8vo., pp. [iii]-xx, 90, wanting the half-title; light stain to fore-margin but a very good copy; red half morocco by H. Zucker.
US $0 €0
First edition, the rare issue with Cadell’s name in the imprint, of which ESTC lists two copies (Glasgow University and Library Company of Philadelphia); almost all copies have a G. Wilkie imprint.
The prefatory ‘Advertisement’ states that the ‘editor’ came across the Criticism as waste proof sheets wrapped around some late publications ordered from Ireland. He suggests facetiously that this text was a genuine passage from Lives of the Poets, ‘withdrawn before publication’, but it soon became generally known that it was the handiwork of John Young, the amiable Professor of Greek at Glasgow, nicknamed ‘Cocky Bung’ by his students from the fact that his father was a cooper.
Johnson’s treatment of Gray had already been attacked in two serious pamphlets when Young published his satire. Boswell called it ‘the most perfect imitation of Johnson’ and quotes a long passage. Sir Walter Scott later praised the piece as ‘the cleverest parody of the Doctor’s style of criticism … very capital’. Here is another specimen, on the alliteration of ‘Nor cast one longing, lingering look behind’:
'Of all the elementary constituents of oral articulate sound, there is no one which has had more attention paid to it by the adepts in representative composition, than the semi-vocal incomposite l. It is easy of access, ready to grant, or even proffer its services; and ever within call. To it, of all the rest, Gray seems to have paid particular court.'
It is odd that there are only two (now three) copies with Cadell’s imprint. As one of the partners in Lives of the Poets and the publisher of other works by Johnson, he may have handed the work over to Wilkie to avoid awkwardness. We know that Johnson declined to read it (‘I never cut the leaves open’) and thought the author was ‘wrongheaded’.
In this copy leaf I1 is a cancel which would be signed *I had it not been inserted out of alignment so that the signature is cropped. There are two press figures in this sheet, 58-2 and 60-2, whereas all other sheets have only one. Despite being a cancel there is still something wrong, the last three lines on the verso being repeated at the top of I2.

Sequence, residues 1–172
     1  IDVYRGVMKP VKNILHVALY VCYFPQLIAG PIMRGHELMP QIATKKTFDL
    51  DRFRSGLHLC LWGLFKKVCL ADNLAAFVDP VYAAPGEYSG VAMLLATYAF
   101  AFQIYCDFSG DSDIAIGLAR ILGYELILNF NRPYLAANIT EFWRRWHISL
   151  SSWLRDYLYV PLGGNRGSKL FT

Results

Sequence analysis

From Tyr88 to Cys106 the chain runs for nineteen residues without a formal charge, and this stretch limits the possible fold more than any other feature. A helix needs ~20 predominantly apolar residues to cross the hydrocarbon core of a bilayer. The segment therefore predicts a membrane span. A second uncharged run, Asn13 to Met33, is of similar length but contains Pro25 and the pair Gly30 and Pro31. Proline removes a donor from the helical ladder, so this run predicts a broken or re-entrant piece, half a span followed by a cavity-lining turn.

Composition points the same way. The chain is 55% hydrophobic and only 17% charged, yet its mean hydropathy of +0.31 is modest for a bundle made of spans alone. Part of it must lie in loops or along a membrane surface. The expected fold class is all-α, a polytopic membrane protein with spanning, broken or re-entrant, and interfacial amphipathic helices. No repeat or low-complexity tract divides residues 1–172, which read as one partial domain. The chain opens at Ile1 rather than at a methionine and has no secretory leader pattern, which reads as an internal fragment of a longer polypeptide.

Boswell, Life of Johnson, ed. Hill and Powell, IV, 392; Rothschild 2624 (Boswell’s copy); Courtney and Nichol Smith, p. 138.
You may also be interested in...
in favour of trade with britain SMITH, William.
The Speeches of Mr. Smith, of South Carolina, delivered in the House of Representatives of the United States, in January, 1794, on the Subject of certain commercial Regulations, proposed by Mr. Madison, in the Committee of the whole, on the Report of the Secretary of State.
First London edition, a rebuff to the punitive anti-British tariffs proposed by the future President James Madison, first printed in Philadelphia in the same year and also reprinted in Edinburgh.
Publick Employment and an active Life with all its Appanages, such as Fame, Command, Riches, Conversation, &c. prefer’d to Solitude.
First edition, second issue, with cancel title-page replacing the original, which made nonsense of the meaning (… Solitude, and all its Appanages, such as Fame etc.). This is a short, rather light-hearted confutation of Sir George (‘Bloody’) MacKenzie’s Moral Essay Preferring Solitude to Publick Employment: ‘not to read men, and converse with living Libraries, is to deprive ourselves of the most useful and profitable of Studies ...’. For all his well-known delight in country pursuits and reading, Evelyn led an active life as well. In 1667 he was particularly busy as Commissioner for Sick and Wounded Seamen with responsibility for the Kent ports during the Second Dutch War.